BIJOU project : Burgundy truffle, a quality product with high added value

Burgundy truffle (Tuber uncinatum)
Type of data: 
Project results
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 The BIJOU project objectives are the following ones :

  1. Development of molecular tools to identify the origin of truffles, the stage of maturity, in correlation with the organoleptic qualities of Burgundy truffle.
  2. Development of evaluation and production improvement tools in truffle orchards.
  3. Study of the ecology of the Burgundy truffle in natural environments, and the influence of forest management on it.

The third component of the project is only developed in this factsheet.The objective is to better understand which natural environments favour Burgundy truffle, to improve truffle stations knowledge and forest stands typology, and finally to quantify the production of the studied stands.


Burgundy truffle (Tuber uncinatum) is a symbiotic mycorrhizal fungus with autumnal maturity which is present in Burgundy, Grand Est region and several European countries. Its production, although modest compared to the southern black truffle, is constantly increasing, as well as the truffle orchard plantations. On average, annual truffle harvests in Cote d'Or (Burgundy) are estimated at 15 tonnes.
More than 90% of Burgundy truffle production comes from natural forest environments. The studies and experiments which are planned in this project aim at protection of biodiversity by preserving truffle stations in natural environment in a context of wood energy development, where Burgundy truffle tends to disappear after woodcuttings.

Main results: 

In order to evaluate the impact of silviculture on truffle production, test plots were set up as part of the BIJOU project. Here will be only mentioned the plot that was set up in Villecomte in Côte d'Or (Burgundy).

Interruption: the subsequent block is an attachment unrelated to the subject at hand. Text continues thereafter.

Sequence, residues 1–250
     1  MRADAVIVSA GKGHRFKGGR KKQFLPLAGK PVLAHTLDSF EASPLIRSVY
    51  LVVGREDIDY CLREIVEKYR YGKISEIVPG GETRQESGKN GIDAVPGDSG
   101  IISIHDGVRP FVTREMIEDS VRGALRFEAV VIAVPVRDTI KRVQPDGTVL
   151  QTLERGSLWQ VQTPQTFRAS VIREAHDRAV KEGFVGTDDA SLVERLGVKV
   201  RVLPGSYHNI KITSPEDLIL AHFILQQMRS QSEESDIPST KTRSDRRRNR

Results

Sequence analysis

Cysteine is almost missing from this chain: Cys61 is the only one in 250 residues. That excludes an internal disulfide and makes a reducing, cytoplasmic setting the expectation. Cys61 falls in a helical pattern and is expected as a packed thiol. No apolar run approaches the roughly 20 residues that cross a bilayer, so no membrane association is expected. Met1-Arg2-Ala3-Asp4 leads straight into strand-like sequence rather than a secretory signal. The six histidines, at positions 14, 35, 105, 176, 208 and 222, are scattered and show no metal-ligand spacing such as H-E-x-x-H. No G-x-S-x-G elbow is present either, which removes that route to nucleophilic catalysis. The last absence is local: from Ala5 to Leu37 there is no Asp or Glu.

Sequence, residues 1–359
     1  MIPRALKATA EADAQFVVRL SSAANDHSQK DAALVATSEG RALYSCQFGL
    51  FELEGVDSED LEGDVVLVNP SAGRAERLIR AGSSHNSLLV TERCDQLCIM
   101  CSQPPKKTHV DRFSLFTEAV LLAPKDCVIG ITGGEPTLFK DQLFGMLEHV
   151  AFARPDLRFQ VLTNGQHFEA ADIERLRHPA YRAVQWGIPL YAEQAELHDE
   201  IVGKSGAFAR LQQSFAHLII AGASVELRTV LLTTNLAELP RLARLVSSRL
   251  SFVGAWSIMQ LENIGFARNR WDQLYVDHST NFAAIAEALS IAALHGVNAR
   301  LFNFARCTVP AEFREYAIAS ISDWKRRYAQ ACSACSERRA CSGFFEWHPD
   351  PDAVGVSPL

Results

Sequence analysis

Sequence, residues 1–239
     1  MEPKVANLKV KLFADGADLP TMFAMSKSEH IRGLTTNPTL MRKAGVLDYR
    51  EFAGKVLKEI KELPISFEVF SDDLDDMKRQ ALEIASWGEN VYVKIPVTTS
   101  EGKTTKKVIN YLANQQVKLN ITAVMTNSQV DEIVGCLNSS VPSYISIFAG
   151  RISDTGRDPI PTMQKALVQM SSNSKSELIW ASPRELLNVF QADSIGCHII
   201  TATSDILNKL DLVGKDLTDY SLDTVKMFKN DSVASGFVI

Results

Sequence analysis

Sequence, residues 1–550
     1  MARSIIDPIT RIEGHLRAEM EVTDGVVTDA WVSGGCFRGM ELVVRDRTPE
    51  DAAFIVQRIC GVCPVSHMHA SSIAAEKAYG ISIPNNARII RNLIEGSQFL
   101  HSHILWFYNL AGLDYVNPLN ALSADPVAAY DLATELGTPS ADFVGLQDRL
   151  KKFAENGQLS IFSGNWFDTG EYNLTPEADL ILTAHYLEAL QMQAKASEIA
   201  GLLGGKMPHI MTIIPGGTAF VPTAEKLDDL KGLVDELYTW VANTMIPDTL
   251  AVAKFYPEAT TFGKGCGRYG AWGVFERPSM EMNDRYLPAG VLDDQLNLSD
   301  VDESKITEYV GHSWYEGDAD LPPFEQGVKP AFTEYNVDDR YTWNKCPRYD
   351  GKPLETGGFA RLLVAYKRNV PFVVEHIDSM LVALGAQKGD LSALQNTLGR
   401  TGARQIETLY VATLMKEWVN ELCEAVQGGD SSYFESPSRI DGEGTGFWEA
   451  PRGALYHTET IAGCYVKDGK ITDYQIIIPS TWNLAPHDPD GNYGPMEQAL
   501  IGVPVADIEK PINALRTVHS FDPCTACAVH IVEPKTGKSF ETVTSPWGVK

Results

This private forest consists of hornbeam coppice with sessile oak reserves untapped since the 1940s. Since 2014, a digging has been done several times per season using the same path through the plot. For each harvested truffle  the species, mass and maturity are determined. Different methods of thinning are being tested:
1. Heavy thinnings reserving 200 to 300 stems/ha
2. Moderate thinning reserving 450-550 stems/ha
3. A control zone in which no thinning is done
Each modality occupies a rectangle of 75x82m. An isolation area of ​​about 10m wide surrounds each modality. Each block (modality + isolation zone) is repeated three times in areas. The blocks are as homogeneous as possible.
The thinnings were carried out in the first half of 2019. The first observations show that, whatever the modality, the thinned areas do not produce truffles. It will still be necessary to wait several seasons of digging before obtaining more significant results.

Main practical recommendations: 

Taking the progress of the project into account, it is not yet possible to make practical recommendations for silvicultural practices favorable to truffle production. This will take until the end of 2020, which will mark the end of the BIJOU project.

Impacts and weaknesses: 

For the same reason as previously mentioned, it is not currently possible to measure the impacts and weaknesses of this part of the BIJOU project.

Future developments: 

The long-term objective of this work is to define silvicultural itineraries that allow, on suitable stations, both to guarantee a truffle production and a wood production. This expertise can thus be integrated into the recommendations made by the CNPF technicians during their private forest advisory visits. At the same time, the National Forestry Office (ONF) carries out similar tests in public forests.
From a territorial point of view, it is very interesting to preserve the truffle stations and manage them so as to make the resource durable and thus supply the Burgundy truffle sector.


Alexandre GUERRIER, - CNPF

Figure 1 credit: 

Pierre Faury - CRPF PACA © CNPF

Figure 2: 
Figure 2 caption and credit: 

Alexandre Guerrier - CRPF Bourgogne © CNPF